It’s not all doom and gloom, though. While most of the album's fifteen tracks (depending on which edition you acquire) arrive with all the gentleness of a weighty iron chalice of molten black coffee, Killing Joke exercise their comparatively -- dare I say it -- “poppier” side on songs like “Euphoria” and the downright optimistic “Big Buzz,” finding Geordie giving sway to the fabled bell-like tones of his hallowed, hollow-bodied Gibson ES-295 (a.k.a. “the Golden Harp”) over his equally lauded penchant for syncopated, metallic chugging. In a tradition of tracks like “The Raven King,” “In Cythera,” and, of course, “Love Like Blood” -- the latter being the inarguable high-water mark of the band’s accessibility -- these songs unveil Killing Joke’s stubborn regard for humanist compassion in a world otherwise wrought with radiation and moral squalor.
At the end of it all (if you'll pardon the suitably apocalyptic turn of phrase), to the uninitiated layperson weaned on whatever anaemic piffle passes for "proper rock" in 2015, the powerful expanse of Pylon might go down like something of a weighty horse pill, what with the average song therein rarely clocking out before the five minute mark. But for the afore-cited bug-eyed zealots, Pylon is bracing evidence of the band’s still-viable and still-bloodthirsty life force. With the possible exception of Killing Joke’s contemporaries in SWANS (themselves no strangers to intimidating intensity and myriad fractures in membership), it's hard to name another band of their particular generation that has side-stepped the pitfalls of nostalgic redundancy and is still capable of making music of this ferocious vitality. Pylon is out on October 23. GO GET IT!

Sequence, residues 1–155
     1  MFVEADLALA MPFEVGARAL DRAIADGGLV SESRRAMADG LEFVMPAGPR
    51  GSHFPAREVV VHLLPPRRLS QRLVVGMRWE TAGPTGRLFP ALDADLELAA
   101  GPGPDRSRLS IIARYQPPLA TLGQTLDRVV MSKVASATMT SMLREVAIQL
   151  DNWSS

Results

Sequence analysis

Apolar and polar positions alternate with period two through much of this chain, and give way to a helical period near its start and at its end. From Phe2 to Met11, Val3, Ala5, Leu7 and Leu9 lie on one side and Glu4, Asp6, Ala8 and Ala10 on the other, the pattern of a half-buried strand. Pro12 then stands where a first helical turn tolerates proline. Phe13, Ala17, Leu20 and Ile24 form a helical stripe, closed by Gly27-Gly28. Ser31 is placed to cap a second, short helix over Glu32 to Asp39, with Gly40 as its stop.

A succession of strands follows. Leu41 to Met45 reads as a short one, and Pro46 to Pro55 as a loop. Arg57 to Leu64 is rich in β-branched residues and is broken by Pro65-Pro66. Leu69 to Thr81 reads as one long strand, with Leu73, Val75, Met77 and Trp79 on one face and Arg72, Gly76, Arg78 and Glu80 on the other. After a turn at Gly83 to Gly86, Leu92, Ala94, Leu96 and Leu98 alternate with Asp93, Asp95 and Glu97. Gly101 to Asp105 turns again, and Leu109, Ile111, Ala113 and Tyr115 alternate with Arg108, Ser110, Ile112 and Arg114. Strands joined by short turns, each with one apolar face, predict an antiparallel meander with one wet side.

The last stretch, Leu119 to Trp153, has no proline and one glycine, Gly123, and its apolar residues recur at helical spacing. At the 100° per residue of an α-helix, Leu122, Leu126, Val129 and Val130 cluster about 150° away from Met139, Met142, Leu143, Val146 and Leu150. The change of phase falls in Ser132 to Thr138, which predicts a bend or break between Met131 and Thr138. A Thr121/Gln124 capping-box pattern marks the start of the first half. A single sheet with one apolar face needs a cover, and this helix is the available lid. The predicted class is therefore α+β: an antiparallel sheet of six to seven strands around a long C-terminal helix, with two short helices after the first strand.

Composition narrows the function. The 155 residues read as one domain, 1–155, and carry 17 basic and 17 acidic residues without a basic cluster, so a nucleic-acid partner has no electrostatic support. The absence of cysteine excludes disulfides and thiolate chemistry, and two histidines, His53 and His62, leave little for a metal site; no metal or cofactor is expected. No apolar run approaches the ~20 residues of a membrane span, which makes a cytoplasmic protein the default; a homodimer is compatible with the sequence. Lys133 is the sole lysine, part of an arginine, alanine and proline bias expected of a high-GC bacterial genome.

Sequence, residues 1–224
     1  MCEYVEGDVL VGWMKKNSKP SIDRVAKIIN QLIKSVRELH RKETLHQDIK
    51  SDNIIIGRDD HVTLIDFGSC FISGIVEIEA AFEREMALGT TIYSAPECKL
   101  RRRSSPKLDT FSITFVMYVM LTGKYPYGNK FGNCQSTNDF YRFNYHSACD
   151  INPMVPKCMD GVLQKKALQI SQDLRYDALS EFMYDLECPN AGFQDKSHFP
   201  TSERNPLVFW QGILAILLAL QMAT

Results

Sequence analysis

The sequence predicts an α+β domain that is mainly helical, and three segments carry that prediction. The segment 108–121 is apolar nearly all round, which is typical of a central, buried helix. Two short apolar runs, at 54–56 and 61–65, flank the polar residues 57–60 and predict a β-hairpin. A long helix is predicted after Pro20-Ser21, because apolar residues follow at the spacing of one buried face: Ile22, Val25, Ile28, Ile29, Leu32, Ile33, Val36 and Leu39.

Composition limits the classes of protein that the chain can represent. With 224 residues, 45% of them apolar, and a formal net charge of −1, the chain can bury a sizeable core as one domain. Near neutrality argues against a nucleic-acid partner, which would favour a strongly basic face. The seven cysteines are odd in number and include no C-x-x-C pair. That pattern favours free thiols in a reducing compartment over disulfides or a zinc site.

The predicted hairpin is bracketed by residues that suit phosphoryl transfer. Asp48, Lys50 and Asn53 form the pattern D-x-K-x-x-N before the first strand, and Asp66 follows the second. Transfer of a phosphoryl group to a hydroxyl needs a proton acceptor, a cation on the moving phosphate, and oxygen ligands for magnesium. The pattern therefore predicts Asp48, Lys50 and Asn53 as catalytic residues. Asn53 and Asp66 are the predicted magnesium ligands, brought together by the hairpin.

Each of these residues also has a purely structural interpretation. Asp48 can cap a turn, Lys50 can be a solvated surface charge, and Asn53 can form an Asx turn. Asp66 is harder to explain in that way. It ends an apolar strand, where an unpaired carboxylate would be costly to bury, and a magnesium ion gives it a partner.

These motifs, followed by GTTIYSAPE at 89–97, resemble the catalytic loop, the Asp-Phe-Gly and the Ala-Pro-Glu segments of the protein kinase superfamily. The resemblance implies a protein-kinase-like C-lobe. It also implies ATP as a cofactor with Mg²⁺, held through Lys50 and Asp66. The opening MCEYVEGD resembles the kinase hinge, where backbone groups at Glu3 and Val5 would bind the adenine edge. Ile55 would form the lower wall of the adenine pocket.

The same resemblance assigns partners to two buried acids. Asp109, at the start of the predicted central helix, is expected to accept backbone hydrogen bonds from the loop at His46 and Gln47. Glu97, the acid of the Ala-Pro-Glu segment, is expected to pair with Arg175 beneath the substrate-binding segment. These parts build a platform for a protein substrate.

Incidentally, those not entirely versed in the storied doings of Killing Joke (like, yes, immersing themselves in the occult, recording in the great pyramids, fucking off to Iceland, and indeed being covered by Metallica and playing with Dave Grohl) should avail themselves to Shaun Pettigrew’s long-in-the-making documentary on the band, The Death and Resurrection Show. - Alex Smith
This article first appeared on Flaming Pablum.
Mr. Smith is a native New Yorker who lives in downtown Manhattan with his wife and kids, use to work for The Man, blogs for Flaming Bablum and writes for other periodicals.